Not since the fall of 2008 have there been such wild swings in the market. The average range, measured as the percentage difference between the intraday high and low, for the S&P 500 during the first 10 trading days of August was nearly 4.25%.
This is incredibly high for an index of 500 stocks, and investors are wondering how they can protect their portfolios.
Last Wednesday, the editors here at IFII held the Debt Downgrade Teleconference, where we discussed the impact of Standard and Poor’s downgrade of U.S. debt and the impact it was having on equities, bonds, currencies, and commodities. We also provided listeners with a number of investment ideas for the near term. One strategy that I recommended to help protect your stock holdings is known as the collar.
A number of listeners were interested in further clarification regarding this strategy. Since the markets are likely to remain volatile during the coming weeks and months, I thought that this would be the perfect opportunity to elaborate on this simple, yet incredibly valuable, strategy.
Two Strategies Used Together to Provide Powerful Protection
Whenever I discuss options strategies, I find it useful to use real life examples. For today’s discussion, I will use Walt Disney Company (DIS). I have no opinion or position in DIS, but know that it is widely held, and the price action is pertinent to this discussion.
Perhaps Disney was on your watch list and you took the opportunity last week to purchase the stock at $31.75, which was an area of support established in the summer and fall of last year. The stock closed on Friday at $33.09 and you realized that, even if the stock continues to move a little higher this week, it might find near term resistance in the $35.00 to $36.00 area. This would correspond with rapidly falling 20 and 50 day moving averages over the next several days.
Covered Call Strategy
Given this assumed expectation, you might have looked at the September options on DIS late Friday and decided to sell the 35 calls at $.72. This is known as the covered call strategy. Although this limits your upside to $35.72 (strike price + premium collected in call sale), you have lowered your breakeven on the stock position to $31.03 (stock purchase at $31.75 - $.72 collected in call sale). Unfortunately, should Disney fall significantly below that price, your downside risk is unlimited.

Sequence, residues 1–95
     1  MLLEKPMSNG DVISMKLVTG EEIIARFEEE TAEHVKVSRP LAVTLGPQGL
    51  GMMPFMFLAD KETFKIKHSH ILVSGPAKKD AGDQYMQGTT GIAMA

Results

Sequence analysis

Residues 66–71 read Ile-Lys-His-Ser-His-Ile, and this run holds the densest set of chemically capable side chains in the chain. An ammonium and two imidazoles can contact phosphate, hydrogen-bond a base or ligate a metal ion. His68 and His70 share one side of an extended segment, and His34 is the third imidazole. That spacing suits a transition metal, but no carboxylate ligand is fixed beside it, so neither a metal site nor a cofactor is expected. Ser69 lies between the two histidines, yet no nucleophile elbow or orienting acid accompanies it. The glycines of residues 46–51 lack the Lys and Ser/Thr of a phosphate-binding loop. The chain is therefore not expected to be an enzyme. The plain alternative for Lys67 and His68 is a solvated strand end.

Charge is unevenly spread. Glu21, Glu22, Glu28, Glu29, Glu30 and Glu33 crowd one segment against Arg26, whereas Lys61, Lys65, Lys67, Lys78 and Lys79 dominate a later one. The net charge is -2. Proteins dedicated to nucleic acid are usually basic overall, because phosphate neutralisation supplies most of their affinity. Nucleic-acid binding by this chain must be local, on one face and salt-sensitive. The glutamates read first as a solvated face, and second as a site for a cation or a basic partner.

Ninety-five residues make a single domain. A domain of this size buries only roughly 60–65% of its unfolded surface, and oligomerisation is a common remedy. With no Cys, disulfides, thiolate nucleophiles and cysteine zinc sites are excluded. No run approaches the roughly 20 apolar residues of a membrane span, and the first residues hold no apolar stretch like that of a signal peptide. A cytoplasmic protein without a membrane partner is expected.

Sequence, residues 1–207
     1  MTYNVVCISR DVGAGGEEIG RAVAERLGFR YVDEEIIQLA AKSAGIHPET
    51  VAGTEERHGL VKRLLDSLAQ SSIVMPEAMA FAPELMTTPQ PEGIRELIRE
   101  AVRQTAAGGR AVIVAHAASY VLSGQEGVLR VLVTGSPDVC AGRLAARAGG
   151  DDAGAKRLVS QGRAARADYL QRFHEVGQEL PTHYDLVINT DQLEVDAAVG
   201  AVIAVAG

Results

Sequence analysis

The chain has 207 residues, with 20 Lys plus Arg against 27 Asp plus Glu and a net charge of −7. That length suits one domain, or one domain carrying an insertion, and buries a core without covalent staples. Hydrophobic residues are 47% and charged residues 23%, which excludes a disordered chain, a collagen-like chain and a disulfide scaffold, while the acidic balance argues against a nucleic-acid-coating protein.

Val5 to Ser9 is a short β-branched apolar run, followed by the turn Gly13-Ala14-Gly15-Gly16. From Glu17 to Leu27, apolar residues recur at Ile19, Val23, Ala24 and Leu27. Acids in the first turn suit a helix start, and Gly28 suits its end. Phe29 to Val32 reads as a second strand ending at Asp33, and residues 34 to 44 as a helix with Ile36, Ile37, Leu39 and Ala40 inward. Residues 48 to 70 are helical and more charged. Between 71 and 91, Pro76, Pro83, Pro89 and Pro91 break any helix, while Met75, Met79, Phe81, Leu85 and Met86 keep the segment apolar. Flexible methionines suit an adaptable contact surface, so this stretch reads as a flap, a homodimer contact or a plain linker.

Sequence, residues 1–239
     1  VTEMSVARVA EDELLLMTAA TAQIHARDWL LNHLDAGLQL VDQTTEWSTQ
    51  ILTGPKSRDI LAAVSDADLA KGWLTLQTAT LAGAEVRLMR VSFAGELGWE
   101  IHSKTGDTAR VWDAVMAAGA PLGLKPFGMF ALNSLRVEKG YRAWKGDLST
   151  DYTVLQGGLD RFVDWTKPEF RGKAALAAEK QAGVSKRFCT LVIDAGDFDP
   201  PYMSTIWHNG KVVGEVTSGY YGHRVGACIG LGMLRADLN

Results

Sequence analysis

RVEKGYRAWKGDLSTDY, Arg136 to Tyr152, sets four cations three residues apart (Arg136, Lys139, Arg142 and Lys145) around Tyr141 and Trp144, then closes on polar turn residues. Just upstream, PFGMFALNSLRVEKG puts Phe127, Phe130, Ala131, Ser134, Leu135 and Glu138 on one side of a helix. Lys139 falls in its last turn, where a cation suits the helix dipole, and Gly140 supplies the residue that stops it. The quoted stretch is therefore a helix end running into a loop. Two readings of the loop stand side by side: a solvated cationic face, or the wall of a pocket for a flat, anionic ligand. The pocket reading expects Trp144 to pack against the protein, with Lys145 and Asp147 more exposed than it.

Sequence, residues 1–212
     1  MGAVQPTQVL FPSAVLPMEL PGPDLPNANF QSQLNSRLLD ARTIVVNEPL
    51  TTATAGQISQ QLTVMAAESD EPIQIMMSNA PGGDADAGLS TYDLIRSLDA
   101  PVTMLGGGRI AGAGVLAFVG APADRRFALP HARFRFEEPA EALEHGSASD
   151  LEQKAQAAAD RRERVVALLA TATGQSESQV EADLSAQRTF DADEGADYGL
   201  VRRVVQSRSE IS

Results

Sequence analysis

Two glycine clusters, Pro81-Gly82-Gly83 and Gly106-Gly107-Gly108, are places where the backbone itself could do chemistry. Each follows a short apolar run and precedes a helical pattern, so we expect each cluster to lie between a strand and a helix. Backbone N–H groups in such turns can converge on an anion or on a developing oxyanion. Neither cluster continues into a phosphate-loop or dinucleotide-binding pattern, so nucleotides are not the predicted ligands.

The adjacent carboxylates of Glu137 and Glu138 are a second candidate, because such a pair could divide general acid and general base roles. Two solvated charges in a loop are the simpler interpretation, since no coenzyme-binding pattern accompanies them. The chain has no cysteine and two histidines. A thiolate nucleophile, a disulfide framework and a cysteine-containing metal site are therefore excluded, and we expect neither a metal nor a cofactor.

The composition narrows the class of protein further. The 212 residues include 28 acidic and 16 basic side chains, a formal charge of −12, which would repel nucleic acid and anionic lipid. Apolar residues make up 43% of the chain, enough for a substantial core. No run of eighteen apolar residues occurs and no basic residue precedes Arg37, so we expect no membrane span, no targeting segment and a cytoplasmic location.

Put Protection Strategy
Since the market has moved up and down dramatically, that unlimited downside risk may not be acceptable. Rather than selling the call, let's say you chose to purchase some insurance in the form of the 30 put.
Late Friday you could’ve bought these puts for $.67. This would allow you to capture unlimited upside should the stock return to its 2011 levels. Because you have to pay for insurance, the strategy underperforms the long stock position on the upside. In this case, your breakeven is raised to $32.42 (stock purchase at $31.75 + $.67 premium paid for put), but your downside losses are limited should the stock completely fall out of bed. The most you can lose on this strategy alone is $2.42 (strike price – stock purchase price – premium paid for put).
The collar combines both the covered call and protective put strategies. While this still limits your upside, it provides you with significantly better protection on the downside. In this case, you were actually able to execute this strategy for a $.05 credit (premium collected for call sale – premium paid for put purchase).
Because you are able to collect a $.05 credit for the trade, you are able to lower your breakeven from $31.75 to $31.70. Additionally, you have reduced your maximum loss by nearly 30% from $2.42 to $1.70 (strike price – stock purchase price + credit received for collar).
Even if Disney remains bound in the $30.00 to $35.00 range through September expiration, you will still be able to collect the $.05. This is a great deal for much improved downside protection.
In the last two weeks, implied volatility has soared, making options across the board much more expensive than they were as recently as July. This means that just purchasing put protection can be very expensive proposition. Selling an upside call greatly reduces the cost of buying insurance in a high volatility environment.
The other point, and one of the many things I love about options, is that the strategy is thoroughly customizable. If your expectations are for greater upside, then you might want to choose a higher strike call. Although you will not collect as much premium, and you might end up paying a net debit for the strategy (this would happen if the premium collected from the call sale was less than the premium paid for the put purchase), it is still worthwhile because of the excessive volatility levels priced into the options.
Generally speaking, I use the strategy to protect gains on stocks I already have a profit in rather than initiate it all as one trade. There are better choices than putting on this kind of position with a three legged strategy.
The astute reader probably noticed that the breakeven graph for the collar trade is identical to the breakeven graph of a bullish vertical spread. Vertical spreads are little beyond our discussion today, but I did address the topic back in April. You can check out that article HERE.
The bottom line is that, in a high volatility environment like we are experiencing today, a collar trade can provide you with a way to capture some additional upside while simultaneously providing cost effective downside protection. It is a great way to protect long stock gains when you can get them!
Price Shock Trader